Posts Tagged ‘Stewart Estes’

This morning in U.S. District Court in Tacoma, attorneys for the City of Bainbridge Island and the family of Douglas Ostling argued the city’s post-trial motions before Judge Ronald Leighton.

In June, a jury awarded $1 million to Bill and Joyce Ostling whose son, Douglas, was shot and killed in 2010 by Bainbridge police officer, Jeff Benkert. The jury found that Benkert did not violate Ostling’s constitutional rights, but nevertheless awarded $1 million against the city for failure to train its officers in dealing with the mentally ill.

The city filed a motion asking Judge Leighton to enter a Judgment as a Matter of Law (which would set aside the jury’s verdict because it was not valid under the law). In a second motion, the city asked for a new trial for former police chief Jon Fehlman, because he was unable to attend trial and testify on his own behalf after he was hospitalized with pancreatitis.

Judge Leighton told the lawyers to focus primarily on the first motion in oral argument, questioning whether Fehlman “plays a role in this at all.” He later elaborated on that statement, saying that Fehlman was “in effect a placeholder” who acted in his official capacity on behalf of the city. Ostling attorney Nathan Roberts agreed, saying Fehlman’s absence from trial didn’t matter because the eventual judgment “will never be against his personal assets.” Roberts suggested that because the city appointed Lt. Phil Hawkins as acting police chief during the trial while Fehlman was ill, Hawkins would have been available to testify and should perhaps have been on the verdict form instead of Fehlman. (more…)

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As expected, the City’s attorneys filed a post-trial motion in U.S. District Court yesterday, asking the Court to enter judgment in favor of the City, and invalidate the jury’s $1 million verdict for the Ostling family.

The Ostlings sued the City, Police Chief Jon Fehlman and Officer Jeff Benkert for violating Douglas Ostling’s constitutional rights when he was shot and killed by Officer Benkert in 2010. On June 1, a jury found that Officer Benkert did not violate Ostling’s constitutional rights. Nevertheless, it found that Chief Fehlman and the City failed to properly train its police officers and on that basis, it rendered the $1 million verdict in favor of the Ostlings.

This motion is not an appeal, but rather a request to the Court to set aside the jury’s verdict as a matter of law. If the motion is not granted, the City can appeal the verdict.

The City’s motion claims that the jury was given flawed instructions by the Court, due to a “last-minute change” on the failure-to train claim. The City argues that the change was made “based on misrepresentations of Plaintiff’s counsel” as to 9th Circuit precedent as well as the Plaintiff’s legal complaint. Due to these errors, the City argues, “The jury mistakenly believed it could find liability against Chief Fehlman and the City without finding Officer Benkert violated Douglas Ostling’s rights. If the Court had simply followed the 9th Circuit model instructions, as proposed by the Defendants, this problem could have been avoided.” (more…)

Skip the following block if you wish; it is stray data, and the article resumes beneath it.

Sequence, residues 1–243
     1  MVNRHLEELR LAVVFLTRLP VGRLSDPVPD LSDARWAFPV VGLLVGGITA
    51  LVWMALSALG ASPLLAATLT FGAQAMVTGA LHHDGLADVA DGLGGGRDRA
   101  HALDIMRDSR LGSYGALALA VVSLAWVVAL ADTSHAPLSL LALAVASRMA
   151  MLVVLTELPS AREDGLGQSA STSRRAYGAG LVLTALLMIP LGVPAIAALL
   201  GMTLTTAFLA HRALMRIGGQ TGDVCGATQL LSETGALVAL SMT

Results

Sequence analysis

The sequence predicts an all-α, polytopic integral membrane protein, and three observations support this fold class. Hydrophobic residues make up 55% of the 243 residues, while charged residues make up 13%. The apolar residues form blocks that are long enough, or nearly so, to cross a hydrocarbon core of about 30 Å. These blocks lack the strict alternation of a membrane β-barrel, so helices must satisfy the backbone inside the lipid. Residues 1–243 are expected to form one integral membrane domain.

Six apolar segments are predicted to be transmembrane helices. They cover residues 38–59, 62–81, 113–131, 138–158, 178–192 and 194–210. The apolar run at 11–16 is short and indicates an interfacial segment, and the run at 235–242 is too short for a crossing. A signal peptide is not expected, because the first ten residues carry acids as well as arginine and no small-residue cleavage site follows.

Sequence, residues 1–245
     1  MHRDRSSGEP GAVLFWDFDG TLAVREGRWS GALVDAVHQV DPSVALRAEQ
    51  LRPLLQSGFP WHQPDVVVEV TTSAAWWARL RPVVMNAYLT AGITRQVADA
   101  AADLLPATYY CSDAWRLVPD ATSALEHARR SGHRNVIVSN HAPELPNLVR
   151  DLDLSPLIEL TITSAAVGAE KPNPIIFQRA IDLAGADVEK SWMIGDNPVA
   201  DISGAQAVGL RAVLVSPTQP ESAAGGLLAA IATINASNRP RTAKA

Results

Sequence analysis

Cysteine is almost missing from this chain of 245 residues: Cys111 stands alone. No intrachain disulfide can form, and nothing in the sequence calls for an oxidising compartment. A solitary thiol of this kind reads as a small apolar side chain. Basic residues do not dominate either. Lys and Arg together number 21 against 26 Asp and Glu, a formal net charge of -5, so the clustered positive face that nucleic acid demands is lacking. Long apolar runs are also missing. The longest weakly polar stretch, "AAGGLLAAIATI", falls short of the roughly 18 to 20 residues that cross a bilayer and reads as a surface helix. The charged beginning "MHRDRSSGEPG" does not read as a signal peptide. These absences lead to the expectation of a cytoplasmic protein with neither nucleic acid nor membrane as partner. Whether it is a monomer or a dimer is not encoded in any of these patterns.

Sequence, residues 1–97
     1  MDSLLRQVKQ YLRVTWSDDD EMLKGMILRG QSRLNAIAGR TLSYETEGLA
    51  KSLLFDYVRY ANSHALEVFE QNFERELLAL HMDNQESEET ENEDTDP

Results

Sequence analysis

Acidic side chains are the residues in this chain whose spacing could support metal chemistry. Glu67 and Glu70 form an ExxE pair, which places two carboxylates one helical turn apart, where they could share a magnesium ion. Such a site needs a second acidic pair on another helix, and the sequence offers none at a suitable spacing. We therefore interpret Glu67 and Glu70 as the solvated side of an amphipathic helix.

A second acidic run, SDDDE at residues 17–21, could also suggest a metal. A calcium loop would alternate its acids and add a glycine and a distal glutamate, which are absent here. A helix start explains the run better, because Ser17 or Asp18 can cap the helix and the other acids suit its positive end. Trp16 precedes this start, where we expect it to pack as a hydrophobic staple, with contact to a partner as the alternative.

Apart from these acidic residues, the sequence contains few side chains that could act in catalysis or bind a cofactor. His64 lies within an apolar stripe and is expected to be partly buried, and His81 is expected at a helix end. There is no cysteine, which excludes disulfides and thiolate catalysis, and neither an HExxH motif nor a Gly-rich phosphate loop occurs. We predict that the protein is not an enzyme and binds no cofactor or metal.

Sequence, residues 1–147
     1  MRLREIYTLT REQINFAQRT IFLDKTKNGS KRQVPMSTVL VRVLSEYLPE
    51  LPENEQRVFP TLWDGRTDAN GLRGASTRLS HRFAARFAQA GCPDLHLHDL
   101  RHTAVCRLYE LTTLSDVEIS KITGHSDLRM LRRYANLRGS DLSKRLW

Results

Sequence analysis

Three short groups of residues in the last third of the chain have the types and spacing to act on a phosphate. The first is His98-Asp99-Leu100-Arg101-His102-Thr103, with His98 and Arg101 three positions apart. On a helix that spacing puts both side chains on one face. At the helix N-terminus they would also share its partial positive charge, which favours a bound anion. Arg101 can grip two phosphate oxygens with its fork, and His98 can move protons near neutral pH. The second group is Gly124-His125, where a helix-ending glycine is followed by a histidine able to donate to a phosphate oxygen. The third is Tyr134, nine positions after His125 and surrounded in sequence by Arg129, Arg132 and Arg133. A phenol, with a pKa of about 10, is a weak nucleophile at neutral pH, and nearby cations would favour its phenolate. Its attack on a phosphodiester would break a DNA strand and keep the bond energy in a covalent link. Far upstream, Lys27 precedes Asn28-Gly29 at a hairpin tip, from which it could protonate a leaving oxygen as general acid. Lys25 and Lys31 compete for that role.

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On Friday, a jury awarded $1 million to the family of Douglas OstlingOstling was a mentally ill man who was shot and killed by Bainbridge Island police officer Jeff Benkert after Benkert and Officer Dave Portrey responded to a 911 call at the Ostling home.

The jury found that Officer Jeff Benkert did not conduct an unreasonable search the night of the shooting. They also found that Benkert did not use excessive force or unreasonably fail to render medical aid to Ostling.

The jury found, however, that the City of Bainbridge Island and police chief Jon Fehlman failed to properly train the city’s police officers in dealing with the mentally ill, and awarded $1 million for that failure. Ostling’s parents, Joyce and Bill Ostling, were each awarded $400,000 and the estate of Douglas Ostling was awarded $200,000. Fehlman and the City will be indemnified by the City’s insurance pool.  (more…)

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As Judge Leighton showed increasing impatience with the pace of the questioning, lawyers from both sides picked it up on Friday. Plaintiff’s attorney Nathan Roberts advised the judge that he expected to rest their case on Tuesday, and would be eliminating several witnesses previously scheduled to testify. Lawyers seemed more prepared with their exhibits, and their questions were more focused.

Defense attorney Stewart Estes put on the legal performance of the day, conducting a skilled cross-examination of the plaintiff’s policing expert, Sue Peters. The drooping jury sat up straight and turned from Estes to Peters and back as if they were watching a tennis match. (more…)

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